Leandros wrote:... At one time I was blasted over at ACG for indicating that the 19 available German Type M35 minesweepers could be a nice factor in the defense of an eventual Sea Lion invasion fleet. ....
The problem I see with these vessels is much the same as existed with the LW. They were seriously over tasked. They had to be sweeping mines right up to and even during the invasion crossing. They may also have been required to lay mines as part of the mine barriers planed. At the same time they are being used as excorts for the invasion convoys. PLS also note that all of these are rather dangerous assignments.

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Re: Maps for Seelöwe

Post by phylo_roadking » Thu Jun 16, 2011 7:47 am

The FJ's did not have any losses to speak of in Norway. The force dropped at Dombås consisted of one company. Most of these were captured and later released when the fighting was over. I have not seen any information that any Ju52's were shot down on that operation by Norwegian machine gunners. If so, it must have been a negligible number. I would like to know about it.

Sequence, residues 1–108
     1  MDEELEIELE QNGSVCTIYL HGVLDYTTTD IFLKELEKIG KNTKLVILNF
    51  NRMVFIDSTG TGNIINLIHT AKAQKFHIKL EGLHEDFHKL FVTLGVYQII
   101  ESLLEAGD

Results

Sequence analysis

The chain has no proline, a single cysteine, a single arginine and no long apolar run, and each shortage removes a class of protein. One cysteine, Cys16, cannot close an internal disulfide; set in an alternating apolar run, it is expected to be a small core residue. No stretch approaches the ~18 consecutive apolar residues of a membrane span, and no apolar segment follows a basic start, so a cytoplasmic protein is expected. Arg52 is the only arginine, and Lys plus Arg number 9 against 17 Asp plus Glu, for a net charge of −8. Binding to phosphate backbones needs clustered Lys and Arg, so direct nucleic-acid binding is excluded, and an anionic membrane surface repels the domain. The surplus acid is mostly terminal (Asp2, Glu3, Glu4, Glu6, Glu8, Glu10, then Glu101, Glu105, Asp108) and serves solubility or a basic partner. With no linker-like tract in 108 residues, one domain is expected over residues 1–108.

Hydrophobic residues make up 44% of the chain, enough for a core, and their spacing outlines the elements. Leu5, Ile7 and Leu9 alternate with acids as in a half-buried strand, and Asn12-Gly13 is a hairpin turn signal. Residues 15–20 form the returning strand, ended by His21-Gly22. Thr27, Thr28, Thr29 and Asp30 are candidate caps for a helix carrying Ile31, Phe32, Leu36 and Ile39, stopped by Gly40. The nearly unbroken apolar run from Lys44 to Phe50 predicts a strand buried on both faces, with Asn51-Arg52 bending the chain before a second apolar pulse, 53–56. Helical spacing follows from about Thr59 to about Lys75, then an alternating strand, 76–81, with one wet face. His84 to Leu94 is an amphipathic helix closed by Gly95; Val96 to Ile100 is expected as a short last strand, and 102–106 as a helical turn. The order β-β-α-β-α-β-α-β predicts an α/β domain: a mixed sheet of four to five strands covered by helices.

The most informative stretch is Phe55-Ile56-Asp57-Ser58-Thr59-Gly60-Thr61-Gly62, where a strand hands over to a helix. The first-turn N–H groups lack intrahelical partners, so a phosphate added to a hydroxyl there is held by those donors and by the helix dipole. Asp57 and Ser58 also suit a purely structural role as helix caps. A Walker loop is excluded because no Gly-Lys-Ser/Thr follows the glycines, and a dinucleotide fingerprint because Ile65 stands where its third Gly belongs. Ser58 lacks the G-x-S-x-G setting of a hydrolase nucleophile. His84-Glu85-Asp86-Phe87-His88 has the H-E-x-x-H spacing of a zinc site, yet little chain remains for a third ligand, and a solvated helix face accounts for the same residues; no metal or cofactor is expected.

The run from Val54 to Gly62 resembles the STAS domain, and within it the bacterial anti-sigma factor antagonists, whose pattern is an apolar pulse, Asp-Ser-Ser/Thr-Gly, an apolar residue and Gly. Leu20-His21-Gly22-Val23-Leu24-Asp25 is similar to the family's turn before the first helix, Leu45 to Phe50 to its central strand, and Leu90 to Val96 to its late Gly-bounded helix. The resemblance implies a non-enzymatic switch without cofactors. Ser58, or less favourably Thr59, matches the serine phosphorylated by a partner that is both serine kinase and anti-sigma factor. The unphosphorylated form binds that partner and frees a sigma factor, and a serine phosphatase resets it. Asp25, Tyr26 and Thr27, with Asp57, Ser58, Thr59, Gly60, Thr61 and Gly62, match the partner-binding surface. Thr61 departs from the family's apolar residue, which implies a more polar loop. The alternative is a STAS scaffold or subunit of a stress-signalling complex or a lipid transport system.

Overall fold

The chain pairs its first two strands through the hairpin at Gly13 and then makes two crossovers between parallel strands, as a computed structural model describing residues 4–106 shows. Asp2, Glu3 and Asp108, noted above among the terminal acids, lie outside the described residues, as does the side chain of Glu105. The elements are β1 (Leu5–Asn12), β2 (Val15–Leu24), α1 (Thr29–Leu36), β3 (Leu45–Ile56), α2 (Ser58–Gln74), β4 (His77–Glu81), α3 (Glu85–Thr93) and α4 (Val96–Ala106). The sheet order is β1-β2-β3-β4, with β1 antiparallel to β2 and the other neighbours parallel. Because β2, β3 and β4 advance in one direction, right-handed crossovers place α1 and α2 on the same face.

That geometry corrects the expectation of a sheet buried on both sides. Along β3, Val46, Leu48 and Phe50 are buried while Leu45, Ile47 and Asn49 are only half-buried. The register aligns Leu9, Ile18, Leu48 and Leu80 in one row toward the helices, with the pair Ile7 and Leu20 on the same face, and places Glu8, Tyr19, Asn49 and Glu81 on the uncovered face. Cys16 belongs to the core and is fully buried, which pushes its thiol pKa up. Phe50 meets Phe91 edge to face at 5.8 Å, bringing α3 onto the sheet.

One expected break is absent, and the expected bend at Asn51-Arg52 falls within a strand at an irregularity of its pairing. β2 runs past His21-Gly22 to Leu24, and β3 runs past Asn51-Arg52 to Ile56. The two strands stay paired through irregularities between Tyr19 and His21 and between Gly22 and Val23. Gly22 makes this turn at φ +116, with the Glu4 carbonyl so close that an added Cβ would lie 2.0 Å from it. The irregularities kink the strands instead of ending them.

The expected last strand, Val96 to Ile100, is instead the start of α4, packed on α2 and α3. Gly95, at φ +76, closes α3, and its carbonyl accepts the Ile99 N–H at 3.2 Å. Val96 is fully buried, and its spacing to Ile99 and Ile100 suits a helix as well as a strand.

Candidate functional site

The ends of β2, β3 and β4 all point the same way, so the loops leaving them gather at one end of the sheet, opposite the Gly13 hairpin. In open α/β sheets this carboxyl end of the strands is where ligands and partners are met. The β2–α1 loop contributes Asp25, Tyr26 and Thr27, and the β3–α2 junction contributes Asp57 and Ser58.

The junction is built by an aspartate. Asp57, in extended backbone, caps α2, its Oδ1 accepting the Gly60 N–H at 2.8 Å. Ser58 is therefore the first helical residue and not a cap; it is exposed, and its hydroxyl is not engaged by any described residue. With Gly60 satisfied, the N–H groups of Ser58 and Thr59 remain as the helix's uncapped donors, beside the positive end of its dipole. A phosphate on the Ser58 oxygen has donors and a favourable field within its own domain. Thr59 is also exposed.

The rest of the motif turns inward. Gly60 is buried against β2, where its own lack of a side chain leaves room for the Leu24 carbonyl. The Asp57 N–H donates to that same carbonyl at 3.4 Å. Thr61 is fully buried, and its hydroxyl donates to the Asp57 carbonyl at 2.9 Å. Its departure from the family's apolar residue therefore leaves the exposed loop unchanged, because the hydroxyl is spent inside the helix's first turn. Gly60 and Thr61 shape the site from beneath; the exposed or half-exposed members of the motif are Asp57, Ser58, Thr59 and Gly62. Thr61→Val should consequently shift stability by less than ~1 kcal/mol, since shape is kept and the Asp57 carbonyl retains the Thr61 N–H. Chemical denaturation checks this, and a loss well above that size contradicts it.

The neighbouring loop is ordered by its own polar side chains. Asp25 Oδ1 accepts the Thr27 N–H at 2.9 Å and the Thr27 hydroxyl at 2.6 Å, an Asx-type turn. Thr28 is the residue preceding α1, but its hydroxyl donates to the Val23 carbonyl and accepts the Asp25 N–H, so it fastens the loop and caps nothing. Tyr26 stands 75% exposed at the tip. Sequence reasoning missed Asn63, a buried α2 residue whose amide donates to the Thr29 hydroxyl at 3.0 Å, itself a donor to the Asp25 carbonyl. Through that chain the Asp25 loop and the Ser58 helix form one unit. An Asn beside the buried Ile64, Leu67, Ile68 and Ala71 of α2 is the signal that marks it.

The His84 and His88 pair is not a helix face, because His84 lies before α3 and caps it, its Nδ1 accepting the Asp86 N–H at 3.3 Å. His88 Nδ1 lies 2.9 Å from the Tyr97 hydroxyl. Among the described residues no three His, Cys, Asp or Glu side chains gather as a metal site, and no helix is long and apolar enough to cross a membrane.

The 150 Ju52 losses (actually 152 now I've checked) in Norway were nearly 100% due to AA fire :shock: At Dombas Herbert Schmidt's company lost one Ju52 on the approach but many men during the drop....for the Ju52s flew in and the FJ dropped at a level with Norwegian MGs in the surrounding hills....not helped by the Ju52 pilots misguiding their approach height and dropping too low. Only 61 men survived the drop - hale AND wounded....which IIRC was 41% of the nominal company strength of 150...and only 34 survived to surrender five days later, a 77% loss :shock:

Several more Ju52s were shot down on their way out of the Gudbrandsl Valley out of 15 deployed. That makes the losses of aircraft 3-5 out of 15 - hardly negligible.
The other important operation was the taking of Sola airport, Stavanger. The operation was over within a few minutes. That assault was also performed by one company
:shock: The Stavanger-Sola assault lasted two hours; von Brandis' paratroopers were stopped from retreiving any weapons from their drop containers for over half an hour to begin with by defensive fire. And I note you're neglecting the expensive fiasco at Oslo-Fornebu...it was THAT attack that however expensive lasted only half an hour
Otherwise, during the campaign in Norway the Germans had already shown that they could easily compromise on normal procedures since many mountaineers (gebirgsjägers) were dropped by parachute in the Narvik area following rude parachute training."
Many? 1. and 2./Geb.Jg.Rgt.137 - two companies of GBJ 137? That's somewhat less than the entire battalion of FJR 1 that dropped into Narvik on an uncontested "transport" drop. And it amounted to exactly 111 men dropped across two days....when a total of 226 men were due to be dropped; a smidgen under 50%. Hardly a stellar success.
So, here is my question: Did the Germans find their parachute silk in France... ....?
Not enough; instead by 1941 they had gone to a substitute material called "Macoo" that could only survive the stresses of one jump.